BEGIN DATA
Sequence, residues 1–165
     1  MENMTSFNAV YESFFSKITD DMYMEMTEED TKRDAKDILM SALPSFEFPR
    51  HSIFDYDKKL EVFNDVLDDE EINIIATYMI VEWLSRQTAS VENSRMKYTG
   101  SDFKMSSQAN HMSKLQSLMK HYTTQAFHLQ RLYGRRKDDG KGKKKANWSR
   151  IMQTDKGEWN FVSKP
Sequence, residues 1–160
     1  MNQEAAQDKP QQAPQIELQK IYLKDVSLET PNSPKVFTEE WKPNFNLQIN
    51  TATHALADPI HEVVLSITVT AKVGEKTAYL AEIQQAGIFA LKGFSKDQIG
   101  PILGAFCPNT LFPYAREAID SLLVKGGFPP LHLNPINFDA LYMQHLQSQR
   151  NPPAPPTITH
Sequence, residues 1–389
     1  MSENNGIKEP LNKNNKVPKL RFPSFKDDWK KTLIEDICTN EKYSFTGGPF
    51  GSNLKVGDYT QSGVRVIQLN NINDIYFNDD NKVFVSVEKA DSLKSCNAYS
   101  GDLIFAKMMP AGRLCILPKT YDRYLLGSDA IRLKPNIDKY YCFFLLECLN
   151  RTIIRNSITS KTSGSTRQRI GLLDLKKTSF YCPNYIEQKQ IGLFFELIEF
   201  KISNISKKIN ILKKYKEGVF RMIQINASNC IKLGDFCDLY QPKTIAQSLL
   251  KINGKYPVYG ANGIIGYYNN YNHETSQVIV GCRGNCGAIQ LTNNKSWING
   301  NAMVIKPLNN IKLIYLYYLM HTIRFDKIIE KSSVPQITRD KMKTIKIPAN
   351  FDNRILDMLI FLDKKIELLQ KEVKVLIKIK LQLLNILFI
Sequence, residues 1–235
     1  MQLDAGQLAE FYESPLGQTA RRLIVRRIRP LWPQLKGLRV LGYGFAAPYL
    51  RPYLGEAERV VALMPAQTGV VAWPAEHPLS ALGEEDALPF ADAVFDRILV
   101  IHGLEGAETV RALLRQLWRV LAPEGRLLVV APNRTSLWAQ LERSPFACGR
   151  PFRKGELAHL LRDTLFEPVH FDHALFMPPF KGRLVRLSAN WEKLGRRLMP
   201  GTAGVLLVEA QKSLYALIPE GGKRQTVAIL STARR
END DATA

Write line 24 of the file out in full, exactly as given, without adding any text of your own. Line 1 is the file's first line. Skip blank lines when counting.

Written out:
   151  PFRKGELAHL LRDTLFEPVH FDHALFMPPF KGRLVRLSAN WEKLGRRLMP